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Measuring efficiency of Brazilian courts: one decade after
Ano: 2017 Código: WPE – 375 Autores/Pesquisadores:
Luciana L. Yeung
It is not uncommon for developing countries to present weak political institutions. They lack credibility, independence and, especially, efficiency. Among the most scrutinized institutions in these aspects is the Judiciary. Empirical evidence shows the impacts of judicial inefficiency on economic and social outcomes. This paper aims at measuring (in)efficiency of the Brazilian Judiciary and its dynamism in recent years (2009-2015).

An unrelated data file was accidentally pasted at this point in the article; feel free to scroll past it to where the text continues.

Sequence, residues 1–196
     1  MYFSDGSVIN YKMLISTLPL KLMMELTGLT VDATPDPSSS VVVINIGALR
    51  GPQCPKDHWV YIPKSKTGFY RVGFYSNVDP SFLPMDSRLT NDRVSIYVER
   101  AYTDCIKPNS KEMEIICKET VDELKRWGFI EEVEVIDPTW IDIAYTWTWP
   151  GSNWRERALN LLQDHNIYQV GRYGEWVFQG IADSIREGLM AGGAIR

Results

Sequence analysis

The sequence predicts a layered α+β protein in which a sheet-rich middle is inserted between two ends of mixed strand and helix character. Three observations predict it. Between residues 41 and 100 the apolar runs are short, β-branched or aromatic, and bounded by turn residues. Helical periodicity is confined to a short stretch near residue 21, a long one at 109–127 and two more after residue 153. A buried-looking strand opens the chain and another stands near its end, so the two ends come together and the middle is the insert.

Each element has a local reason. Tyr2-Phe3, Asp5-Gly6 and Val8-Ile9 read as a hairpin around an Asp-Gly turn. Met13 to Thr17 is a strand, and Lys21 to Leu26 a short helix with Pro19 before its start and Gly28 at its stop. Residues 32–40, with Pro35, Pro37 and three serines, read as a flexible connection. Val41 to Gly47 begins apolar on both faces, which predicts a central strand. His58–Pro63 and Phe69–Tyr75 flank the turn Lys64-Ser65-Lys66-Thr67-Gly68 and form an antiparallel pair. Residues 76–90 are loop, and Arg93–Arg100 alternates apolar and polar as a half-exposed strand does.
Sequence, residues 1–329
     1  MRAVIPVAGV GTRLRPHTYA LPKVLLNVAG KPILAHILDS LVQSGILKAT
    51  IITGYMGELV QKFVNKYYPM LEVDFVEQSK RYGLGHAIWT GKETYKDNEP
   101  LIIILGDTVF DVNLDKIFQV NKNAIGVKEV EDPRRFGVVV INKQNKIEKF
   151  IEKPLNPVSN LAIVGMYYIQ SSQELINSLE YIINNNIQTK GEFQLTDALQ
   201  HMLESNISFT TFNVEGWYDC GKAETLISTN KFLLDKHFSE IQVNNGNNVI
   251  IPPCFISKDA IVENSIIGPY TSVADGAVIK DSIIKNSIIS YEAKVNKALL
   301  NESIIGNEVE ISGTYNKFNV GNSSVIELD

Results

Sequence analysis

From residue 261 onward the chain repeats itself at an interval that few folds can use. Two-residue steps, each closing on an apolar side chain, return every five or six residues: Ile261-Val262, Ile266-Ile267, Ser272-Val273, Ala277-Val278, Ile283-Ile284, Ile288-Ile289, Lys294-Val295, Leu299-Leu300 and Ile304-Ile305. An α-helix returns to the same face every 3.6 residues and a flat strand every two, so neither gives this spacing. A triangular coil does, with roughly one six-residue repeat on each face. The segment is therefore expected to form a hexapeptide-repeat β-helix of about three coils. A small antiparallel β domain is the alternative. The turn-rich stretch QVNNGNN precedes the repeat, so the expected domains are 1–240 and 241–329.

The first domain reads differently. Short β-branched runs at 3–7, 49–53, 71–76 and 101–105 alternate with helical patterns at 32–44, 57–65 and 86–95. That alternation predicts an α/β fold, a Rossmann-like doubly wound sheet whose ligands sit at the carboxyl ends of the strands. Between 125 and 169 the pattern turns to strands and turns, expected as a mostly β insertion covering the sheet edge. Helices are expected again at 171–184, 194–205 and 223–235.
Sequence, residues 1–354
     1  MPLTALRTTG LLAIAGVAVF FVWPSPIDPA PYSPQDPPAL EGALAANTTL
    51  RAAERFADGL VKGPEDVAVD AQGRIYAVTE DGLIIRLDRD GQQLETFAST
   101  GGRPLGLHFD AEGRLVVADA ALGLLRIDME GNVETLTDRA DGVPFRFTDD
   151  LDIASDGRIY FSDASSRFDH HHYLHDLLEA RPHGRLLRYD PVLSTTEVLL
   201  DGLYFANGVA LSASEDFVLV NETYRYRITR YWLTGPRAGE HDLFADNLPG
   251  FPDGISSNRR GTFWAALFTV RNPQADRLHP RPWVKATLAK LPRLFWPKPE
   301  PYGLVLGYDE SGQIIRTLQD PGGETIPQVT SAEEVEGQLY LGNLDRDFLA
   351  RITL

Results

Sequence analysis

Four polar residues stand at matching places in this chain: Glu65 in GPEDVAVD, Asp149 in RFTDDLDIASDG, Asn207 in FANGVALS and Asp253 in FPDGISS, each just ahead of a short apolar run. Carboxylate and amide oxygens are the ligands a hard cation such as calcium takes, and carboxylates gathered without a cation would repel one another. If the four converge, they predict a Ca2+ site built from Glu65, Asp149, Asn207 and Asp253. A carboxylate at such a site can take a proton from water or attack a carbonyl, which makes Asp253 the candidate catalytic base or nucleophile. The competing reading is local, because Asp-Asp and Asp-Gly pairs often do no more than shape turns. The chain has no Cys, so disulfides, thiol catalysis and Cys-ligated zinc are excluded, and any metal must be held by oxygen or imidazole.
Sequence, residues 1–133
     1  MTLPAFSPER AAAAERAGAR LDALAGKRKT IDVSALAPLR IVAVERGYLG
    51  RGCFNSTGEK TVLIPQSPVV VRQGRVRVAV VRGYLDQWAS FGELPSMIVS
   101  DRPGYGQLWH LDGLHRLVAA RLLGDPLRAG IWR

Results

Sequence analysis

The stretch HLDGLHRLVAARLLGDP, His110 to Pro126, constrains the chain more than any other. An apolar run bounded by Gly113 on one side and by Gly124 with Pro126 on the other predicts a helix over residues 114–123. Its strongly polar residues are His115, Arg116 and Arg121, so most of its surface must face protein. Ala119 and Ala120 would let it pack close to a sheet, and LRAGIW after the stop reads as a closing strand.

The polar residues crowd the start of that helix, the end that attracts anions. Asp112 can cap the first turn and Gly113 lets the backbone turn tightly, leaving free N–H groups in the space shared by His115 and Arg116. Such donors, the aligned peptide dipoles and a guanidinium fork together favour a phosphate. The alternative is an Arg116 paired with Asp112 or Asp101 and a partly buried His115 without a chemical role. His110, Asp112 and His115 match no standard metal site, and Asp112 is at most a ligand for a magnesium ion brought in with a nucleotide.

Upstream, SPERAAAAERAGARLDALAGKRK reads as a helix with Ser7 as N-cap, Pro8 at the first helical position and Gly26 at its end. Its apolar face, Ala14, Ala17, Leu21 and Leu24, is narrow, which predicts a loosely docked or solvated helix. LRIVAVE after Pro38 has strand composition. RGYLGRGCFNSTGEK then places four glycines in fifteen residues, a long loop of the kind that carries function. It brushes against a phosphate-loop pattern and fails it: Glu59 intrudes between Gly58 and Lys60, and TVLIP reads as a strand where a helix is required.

We use DEA (Data Envelopment Analysis) and the Malmquist index to analyze efficiency and productivity change in Brazilian courts.
When the National Council of Justice was created in 2003, one of its goals was to boost judicial efficiency in Brazil; for this purpose, it mandated the creation of several statistics by local courts, which were compiled in annual reports. Our results show that, more than a decade after the publication of the first report (2004), local courts have substantially improved the discipline and the quality of data production. Yet, there is still room for progress. In terms of productivity, the picture has not changed much. Courts with top DEA rankings remain the same. Also, the Malmquist indexes show little improvement throughout the years.
As the quality of data production is yet to be considered perfectly adequate, caution is still required when interpreting the raw results of some units.